I had a conversation yesterday with some friends about extreme measures that people go to to effect change in their lives, particularly in dieting. Extreme diet examples are practically never ending, and include going all-out, no-cheat-day paleo, subsisting entirely on liquids, or going vegan. To the vast majority of people, these things are crazy, and rightfully so – switching over to them can interrupt your life in profound ways, in ways that might make you less happy than you were before. Then why do we often feel like the only way to get to be the most awesome version of ourselves is to follow those plans? Why must we give things up entirely, no buts, in order to feel like we’re doing the “right” thing?
Don’t get me wrong, I think that there are plenty of instances where giving things up entirely is completely appropriate. For instance, I see absolutely no reason for the consumption of soft drinks, and honestly believe that no one should drink them. To me, they are a giant source of empty calories (and chemicals), and should be avoided entirely. But some people love them, and absolutely do not want to give them up, and I get that (to a certain extent). Many people feel the same way about alcohol as I do about soft drinks, and I get that too, even if I don’t practice it myself. I feel similarly about certain aspects of the Whole 30 diet – while the amount of stuff you have to give up for 30 days is extreme, it’s only 30 days. If you struggle with your eating habits overall, I think proving to yourself that you can keep up a strict diet for a month can do wonders for your overall success. You realize that making excuses for “holidays” “cheat days” and “special occasions” is your downfall in the beginning, and getting through those first temptations can propel you a long ways towards your goal.
The thing about giving up soft drinks or going on a strict diet for 30 days, though, is that both are a pretty minor deal. Yes, if you’re addicted to Diet Coke giving up soft drinks seems like a huge deal for you, but it’s nothing like giving up all processed foods for the rest of time. Or switching to drinking green juices for the rest of time. And it’s those latter examples, examples of extreme asceticism, where I just can’t get on board. The problem is I can’t stop feeling like I would be a better all-around person if I was able to hold myself to those extreme standards. Why is that?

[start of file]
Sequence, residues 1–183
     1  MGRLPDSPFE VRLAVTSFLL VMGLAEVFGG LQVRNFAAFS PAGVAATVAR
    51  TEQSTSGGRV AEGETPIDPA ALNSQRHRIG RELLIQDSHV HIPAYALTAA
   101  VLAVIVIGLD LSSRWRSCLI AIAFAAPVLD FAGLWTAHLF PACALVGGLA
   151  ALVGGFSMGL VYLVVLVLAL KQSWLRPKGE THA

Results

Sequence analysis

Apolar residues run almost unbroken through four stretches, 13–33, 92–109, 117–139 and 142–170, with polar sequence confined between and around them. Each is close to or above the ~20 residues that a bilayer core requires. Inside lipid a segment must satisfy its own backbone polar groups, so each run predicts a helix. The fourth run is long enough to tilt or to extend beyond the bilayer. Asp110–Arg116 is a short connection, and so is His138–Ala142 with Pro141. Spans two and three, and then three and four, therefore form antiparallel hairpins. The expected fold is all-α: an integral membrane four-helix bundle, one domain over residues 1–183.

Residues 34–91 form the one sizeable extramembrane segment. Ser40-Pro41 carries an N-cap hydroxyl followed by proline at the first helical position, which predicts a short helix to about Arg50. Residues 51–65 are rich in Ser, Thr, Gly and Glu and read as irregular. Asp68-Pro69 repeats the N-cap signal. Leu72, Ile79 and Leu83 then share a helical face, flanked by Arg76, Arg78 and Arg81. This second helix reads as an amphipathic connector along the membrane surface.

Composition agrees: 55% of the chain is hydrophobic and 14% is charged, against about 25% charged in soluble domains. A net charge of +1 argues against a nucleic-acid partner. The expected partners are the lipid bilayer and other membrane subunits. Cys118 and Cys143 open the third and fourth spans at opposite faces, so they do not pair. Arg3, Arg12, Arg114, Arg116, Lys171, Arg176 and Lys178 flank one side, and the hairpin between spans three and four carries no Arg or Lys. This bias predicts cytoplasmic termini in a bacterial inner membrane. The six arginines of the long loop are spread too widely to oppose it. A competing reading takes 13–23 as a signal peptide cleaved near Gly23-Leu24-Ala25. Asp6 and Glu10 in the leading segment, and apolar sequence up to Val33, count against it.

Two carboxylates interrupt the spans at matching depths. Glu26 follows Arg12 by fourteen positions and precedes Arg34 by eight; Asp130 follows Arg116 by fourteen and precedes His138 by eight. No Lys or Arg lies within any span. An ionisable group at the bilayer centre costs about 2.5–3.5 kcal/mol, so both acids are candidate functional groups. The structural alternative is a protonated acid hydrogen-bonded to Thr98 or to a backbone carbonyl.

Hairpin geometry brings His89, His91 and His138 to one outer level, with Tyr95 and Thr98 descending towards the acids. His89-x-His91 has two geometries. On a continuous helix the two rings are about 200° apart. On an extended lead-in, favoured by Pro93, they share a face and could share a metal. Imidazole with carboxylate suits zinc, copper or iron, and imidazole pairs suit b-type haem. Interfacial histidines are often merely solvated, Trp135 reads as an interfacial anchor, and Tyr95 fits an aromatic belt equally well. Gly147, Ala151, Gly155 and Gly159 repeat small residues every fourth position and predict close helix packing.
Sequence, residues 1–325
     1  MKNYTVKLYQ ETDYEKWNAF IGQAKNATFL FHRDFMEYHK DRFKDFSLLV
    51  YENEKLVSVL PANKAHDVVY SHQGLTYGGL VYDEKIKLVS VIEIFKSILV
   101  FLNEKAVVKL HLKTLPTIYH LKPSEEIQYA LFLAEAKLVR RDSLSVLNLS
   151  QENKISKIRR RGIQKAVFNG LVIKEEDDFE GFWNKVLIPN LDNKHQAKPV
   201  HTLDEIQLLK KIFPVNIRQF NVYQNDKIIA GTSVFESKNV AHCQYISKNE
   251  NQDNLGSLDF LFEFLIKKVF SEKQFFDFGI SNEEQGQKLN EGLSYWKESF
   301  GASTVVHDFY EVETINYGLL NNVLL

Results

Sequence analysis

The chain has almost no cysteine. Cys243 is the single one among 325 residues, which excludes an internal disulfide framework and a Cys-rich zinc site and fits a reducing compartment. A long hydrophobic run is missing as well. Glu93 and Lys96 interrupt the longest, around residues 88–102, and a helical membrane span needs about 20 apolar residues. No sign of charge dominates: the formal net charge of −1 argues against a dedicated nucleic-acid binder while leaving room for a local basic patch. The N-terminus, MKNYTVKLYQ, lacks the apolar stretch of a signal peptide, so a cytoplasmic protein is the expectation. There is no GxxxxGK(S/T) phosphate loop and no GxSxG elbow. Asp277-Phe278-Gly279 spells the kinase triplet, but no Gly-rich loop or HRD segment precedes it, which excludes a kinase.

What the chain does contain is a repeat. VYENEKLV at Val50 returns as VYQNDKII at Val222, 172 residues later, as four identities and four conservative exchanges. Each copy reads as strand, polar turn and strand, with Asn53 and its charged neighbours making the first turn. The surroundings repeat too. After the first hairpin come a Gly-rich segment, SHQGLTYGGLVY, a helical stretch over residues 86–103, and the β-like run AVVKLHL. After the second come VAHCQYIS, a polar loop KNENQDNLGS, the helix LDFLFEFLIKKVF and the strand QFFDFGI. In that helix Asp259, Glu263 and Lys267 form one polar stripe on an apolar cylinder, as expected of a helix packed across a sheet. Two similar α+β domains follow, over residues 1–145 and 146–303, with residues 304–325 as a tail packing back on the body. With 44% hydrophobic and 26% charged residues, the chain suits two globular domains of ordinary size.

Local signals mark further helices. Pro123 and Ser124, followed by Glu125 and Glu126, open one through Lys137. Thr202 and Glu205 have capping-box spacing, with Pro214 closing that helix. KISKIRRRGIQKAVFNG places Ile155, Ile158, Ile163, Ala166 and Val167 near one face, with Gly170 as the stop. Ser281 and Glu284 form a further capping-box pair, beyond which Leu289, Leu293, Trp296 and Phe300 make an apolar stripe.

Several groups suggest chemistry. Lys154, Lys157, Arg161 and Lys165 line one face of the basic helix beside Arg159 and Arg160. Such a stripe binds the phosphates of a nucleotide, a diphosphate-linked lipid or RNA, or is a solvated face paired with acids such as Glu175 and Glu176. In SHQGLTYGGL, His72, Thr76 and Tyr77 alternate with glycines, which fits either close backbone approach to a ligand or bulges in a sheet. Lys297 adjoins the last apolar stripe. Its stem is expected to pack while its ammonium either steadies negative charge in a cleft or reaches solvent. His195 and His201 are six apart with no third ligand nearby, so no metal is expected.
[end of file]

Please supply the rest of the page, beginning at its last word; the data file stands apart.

I think one contributing factor is how amazing feats of dieting are featured in the media. Think of the wealth of examples – stories about crazy diets celebrities go on to get in shape for movies, articles in fitness magazines featuring people who lost a bunch of weight by eating 1,000 calories a day and working out all the time, TV shows like The Biggest Loser where you literally watch people work out for hours and hours a day…and the list doesn’t end. But you can’t blame the media for everything (try as we might) and I think there’s a second, important factor. I think we all believe that there is a formula for being a super human. I think we think that if we followed some of these crazy plans, it’s absolutely possible to cheat hurting, aging, death. And at the end of the day, I think that’s a completely wrong way of thinking. All of those things are coming for us, and while we can certainly slow them down, there’s no formula for eliminating them completely. And we shouldn’t be projecting those hopes onto these crazy dieting schemes.
Lately, I’ve been feeling a little slow, pudgy, and generally unhealthy, so as you can probably tell from the subject matter fo this post, dieting has been on my mind. While I’m determined to cut back on the unhealthy components of my diet, at the end of the day, the happiness I derive from eating a good meal in the company of good friends is much, much more than the pleasure I get from never feeling fat in my jeans. As a result, I won’t be giving up big dinners with friends on Saturday nights or the occasional slice of cake. What I will be giving up on is feeling defeated every time I start craving frozen yogurt. Forcing myself to eat “clean” 24/7 will not make me a super human, but balancing feeling healthy with a vibrant social life will make me super happy. And I think I heard somewhere that healthy happiness leads to a long life…
I hope everyone has a wonderful Wednesday!